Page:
Overlooking St Thomas a Becket, Hepto...
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Panoramic photo by Daniel Oi EXPERT MAESTRO Taken 14:54, 26/01/2012 - Views loading...

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Overlooking St Thomas a Becket, Heptonstall

The World > Europe > UK > England

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A: Performing the Pace Egg play at Heptonstall, Good Friday 2014 (view 2)

by Joby Catto, 20 meters away

One of the Calder Valley’s most popular folk attractions is the annual Pace Egg Play. Its origins are...

Performing the Pace Egg play at Heptonstall, Good Friday 2014 (view 2)

B: St Thomas a Becket Church, Heptonstall

by Daniel Oi, 20 meters away

St Thomas a Becket Church, Heptonstall

C: St Thomas a Becket Church, Heptonstall

by Daniel Oi, 30 meters away

St Thomas a Becket Church, Heptonstall

D: St Thomas à Becket Church 'Inside'

by Dave Walker, 30 meters away

The rain let up just long enough for me to take this before the light went - this place is a real hid...

St Thomas à Becket Church 'Inside'

E: St Thomas à Becket Church and Graveyard

by Dave Walker, 40 meters away

The rain let up just long enough for me to take this before the light went - this place is a real hid...

St Thomas à Becket Church and Graveyard

F: Sylvia Plath’s grave at Heptonstall, near Hebden Bridge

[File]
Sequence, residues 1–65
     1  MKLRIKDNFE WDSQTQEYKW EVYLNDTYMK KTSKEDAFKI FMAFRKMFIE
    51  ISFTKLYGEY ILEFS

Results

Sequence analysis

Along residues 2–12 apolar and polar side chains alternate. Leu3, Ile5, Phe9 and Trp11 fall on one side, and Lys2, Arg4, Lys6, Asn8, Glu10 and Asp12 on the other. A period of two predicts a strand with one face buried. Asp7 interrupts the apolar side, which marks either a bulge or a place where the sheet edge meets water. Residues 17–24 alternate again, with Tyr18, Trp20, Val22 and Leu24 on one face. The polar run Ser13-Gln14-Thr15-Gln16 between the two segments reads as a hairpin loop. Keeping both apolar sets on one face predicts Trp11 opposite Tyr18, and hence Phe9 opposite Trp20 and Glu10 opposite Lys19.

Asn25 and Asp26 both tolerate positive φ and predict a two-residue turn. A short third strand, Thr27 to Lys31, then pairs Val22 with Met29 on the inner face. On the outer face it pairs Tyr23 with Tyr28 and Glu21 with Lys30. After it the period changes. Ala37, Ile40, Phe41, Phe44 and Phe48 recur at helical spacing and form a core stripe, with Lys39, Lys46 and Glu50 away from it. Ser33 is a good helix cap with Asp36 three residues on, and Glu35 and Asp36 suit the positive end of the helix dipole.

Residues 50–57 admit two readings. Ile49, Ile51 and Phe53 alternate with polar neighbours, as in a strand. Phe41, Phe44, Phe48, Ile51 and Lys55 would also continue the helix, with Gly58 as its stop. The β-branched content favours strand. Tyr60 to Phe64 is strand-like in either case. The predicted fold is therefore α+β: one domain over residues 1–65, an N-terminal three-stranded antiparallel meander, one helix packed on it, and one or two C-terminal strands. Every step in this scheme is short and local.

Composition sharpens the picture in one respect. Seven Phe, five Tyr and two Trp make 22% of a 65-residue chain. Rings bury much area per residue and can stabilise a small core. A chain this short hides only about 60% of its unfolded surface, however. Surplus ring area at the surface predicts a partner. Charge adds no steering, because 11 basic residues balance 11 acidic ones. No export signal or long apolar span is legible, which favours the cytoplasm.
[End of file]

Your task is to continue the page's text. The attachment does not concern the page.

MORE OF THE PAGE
by Joby Catto, 150 meters away

The American-born poet Sylvia Plath was buried at Heptonstall, near Hebden Bridge in West Yorkshire, ...

Sylvia Plath’s grave at Heptonstall, near Hebden Bridge

H: Main Square by Night, Hebden Bridge

by Imran Azam, 1.0 km away

The main square deserted close to midnight. The air still...time was standing.

Main Square by Night, Hebden Bridge

I: Bluebells in evening sunshine, Hardcastle Crags, near Hebden Bridge

by Joby Catto, 1.2 km away

After the short, grey days of winter, springtime percolates slowly through Calderdale, injecting life...

Bluebells in evening sunshine, Hardcastle Crags, near Hebden Bridge

This panorama was taken in England, Europe

This is an overview of Europe

Europe is generally agreed to be the birthplace of western culture, including such legendary innovations as the democratic nation-state, football and tomato sauce.

The word Europe comes from the Greek goddess Europa, who was kidnapped by Zeus and plunked down on the island of Crete. Europa gradually changed from referring to mainland Greece until it extended finally to include Norway and Russia.

Don't be confused that Europe is called a continent without looking like an island, the way the other continents do. It's okay. The Ural mountains have steadily been there to divide Europe from Asia for the last 250 million years. Russia technically inhabits "Eurasia".

Europe is presently uniting into one political and economic zone with a common currency called the Euro. The European Union originated in 1993 and is now composed of 27 member states. Its headquarters is in Brussels, Belgium.

Do not confuse the EU with the Council of Europe, which has 47 member states and dates to 1949. These two bodies share the same flag, national anthem, and mission of integrating Europe. The headquarters of the Council are located in Strasbourg, France, and it is most famous for its European Court of Human Rights.

In spite of these two bodies, there is still no single Constitution or set of laws applying to all the countries of Europe. Debate rages over the role of the EU in regards to national sovereignty. As of January 2009, the Lisbon Treaty is the closest thing to a European Constitution, yet it has not been approved by all the EU states. 

Text by Steve Smith.

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